Man. What is that such a hard thing to learn? Even when you’re 40?

Basically it boils down to this: I will never deny myself that frosty cupcake-y treat, or a donut for breakfast, or a bag of potato chips when I’m craving a salty snack. This is where some people would say, “Yeah, that’s why you’re fat.” – but obviously that doesn’t mean I just eat sugar and salt every single day, of course I recognize the importance of things like vegetables and fruits, otherwise, I wouldn’t ever have any energy to do anything and I would feel terrible all the time. It also doesn’t mean that all I do is lie around on the couch and watch movies while eating tubs of butter-drowned popcorn (man, I WISH), either. But I would rather have the thing I want to eat, when I want to eat it, instead of not. Does that make sense?

And really the whole point is: no one else is in charge of what I eat and how much exercise I get and how I look and I feel — I am in charge of those things. And no one else knows how many walks I take a week, or how many yoga classes I sign up for, and how much organic produce I cook with. People make assumptions based on someone’s weight, and that is the thing that hurts the most, doesn’t it? The thing that makes you feel the crappiest, like you aren’t doing enough, like you need to work harder — because obviously if you’re fat, you’re just being lazy. That is the thing that makes every person ever talk constantly about the gym and how many hours they spend there and exactly what elliptical machine they were on and for how long.

That does not mean I’ve found some magical way of accepting my body the way it is and feel amazing about it every day (who does that? anyone?); I’d just rather be happy than sad, and not beat myself up for making a choice to eat what I want, when I want it. Having one cupcake isn’t going to magically expand my waistline — while we’re at it, can the phrase “straight to my hips” die now, please? — and I also don’t want to eat it, then freak out and do aerobics for 3 hours straight to make up for having it. I don’t want to purge it because I feel guilty. I don’t want to never have a cupcake again because I’m only allowed one, ever. I don’t want to count the calories in the cupcake and estimate how much exercise I will have to do to burn those calories. I don’t want to order the sugar-free cupcake because it’s “light”, and I don’t want to cut it into fourths and eat a tiny sliver of it.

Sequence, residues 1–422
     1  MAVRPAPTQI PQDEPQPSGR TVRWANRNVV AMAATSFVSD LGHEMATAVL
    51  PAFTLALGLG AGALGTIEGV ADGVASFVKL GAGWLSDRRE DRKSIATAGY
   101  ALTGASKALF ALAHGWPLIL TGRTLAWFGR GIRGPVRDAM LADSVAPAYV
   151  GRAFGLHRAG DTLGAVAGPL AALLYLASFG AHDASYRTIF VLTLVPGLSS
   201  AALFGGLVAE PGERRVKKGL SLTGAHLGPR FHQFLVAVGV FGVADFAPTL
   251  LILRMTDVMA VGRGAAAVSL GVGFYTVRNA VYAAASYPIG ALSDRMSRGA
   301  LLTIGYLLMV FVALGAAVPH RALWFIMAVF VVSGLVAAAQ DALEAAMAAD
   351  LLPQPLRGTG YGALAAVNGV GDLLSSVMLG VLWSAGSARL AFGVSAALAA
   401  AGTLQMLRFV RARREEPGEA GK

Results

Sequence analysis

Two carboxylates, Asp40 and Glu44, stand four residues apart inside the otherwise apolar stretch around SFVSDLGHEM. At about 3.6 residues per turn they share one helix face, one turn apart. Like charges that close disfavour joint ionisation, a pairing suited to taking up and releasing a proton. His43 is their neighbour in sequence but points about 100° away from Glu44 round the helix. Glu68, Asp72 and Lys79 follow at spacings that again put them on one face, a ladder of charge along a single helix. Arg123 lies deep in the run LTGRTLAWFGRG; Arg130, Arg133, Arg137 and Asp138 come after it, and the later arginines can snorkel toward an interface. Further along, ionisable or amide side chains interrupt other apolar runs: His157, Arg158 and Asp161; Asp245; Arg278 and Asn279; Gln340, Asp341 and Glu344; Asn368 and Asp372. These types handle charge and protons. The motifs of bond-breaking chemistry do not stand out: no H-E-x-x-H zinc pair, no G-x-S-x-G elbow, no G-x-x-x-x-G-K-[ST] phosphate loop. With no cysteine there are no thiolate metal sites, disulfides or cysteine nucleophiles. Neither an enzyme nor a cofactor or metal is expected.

I just want to have it — the whole thing — and be happy about it, you know? I want to enjoy the sugar-sweet fluffiness of it, and move the sprinkles against my tongue and ENJOY that damn cupcake.

Life is just too short to deny yourself the little things that make you happy, especially if those things are frosted gourmet cupcakes. It won’t solve all my body issues in one fell swoop, but it will make me happy enough that I’ll forget for a little while.


13 responses to “Why I will always eat the cupcake.

  • abbytron

    I can never make up my mind how I feel about my body. One day, I’ll feel totally committed to eating healthy and exercising, but then the next day I’ll buy a whole pie at Fred Meyer because I have a craving, and besides, if I lose weight my boobs will get smaller and I like my boobs so why should I worry about it so much? And because of that, those days where I’m really committed to becoming thinner are meaningless. One day on an elliptical and eating fresh raw veggies and whole grains means nothing if I’m spending a whole other day eating a big bowl of macaroni and cheese and not leaving the house. So I too will always eat a cupcake, because I’m gonna look the way I look regardless and it won’t be making a difference to my arteries at this point. In fact, I’ll eat two or three cupcakes because cupcakes are way too small.

    • Amie

      Yay! Viva la cupcakes! 🙂

      But also, I mean – I don’t honestly know ANY women who are completely happy with their body, even if they work out all the time and only eat brown rice and vegetables. I think the trick is remembering not to judge yourself as harshly as you believe other people are judging you. But if it helps, I think you look fabulous, Abby. You’re purrrty.

    • shriespangler

      OMG Abby, the boobs thing – I HEAR YA!

      And Amie, Yes, yes and a resounding yes! I think perhaps we are more alike than I originally thought. I feel this way through and through, and believe you are utterly beautiful (and beyond that a rad person) just the way you fucking are.

      Life is too short. This is something I’ve come to realize recently (while watching Doomsday Preppers of all things) and fully believe in. I want to live, love and experience. I don’t want to spend my life trying NOT to do things. Because in the end, when it comes down to my last moments on earth, I want to feel satisfied and think fondly of my time.

      Brett and I often say we’re the worst fat people we know! He cooks 5 nights a week out of our weekly CSA bounty, we walk the dogs EVERY single morning almost two miles, I go to yoga, we work in the yard, we are active.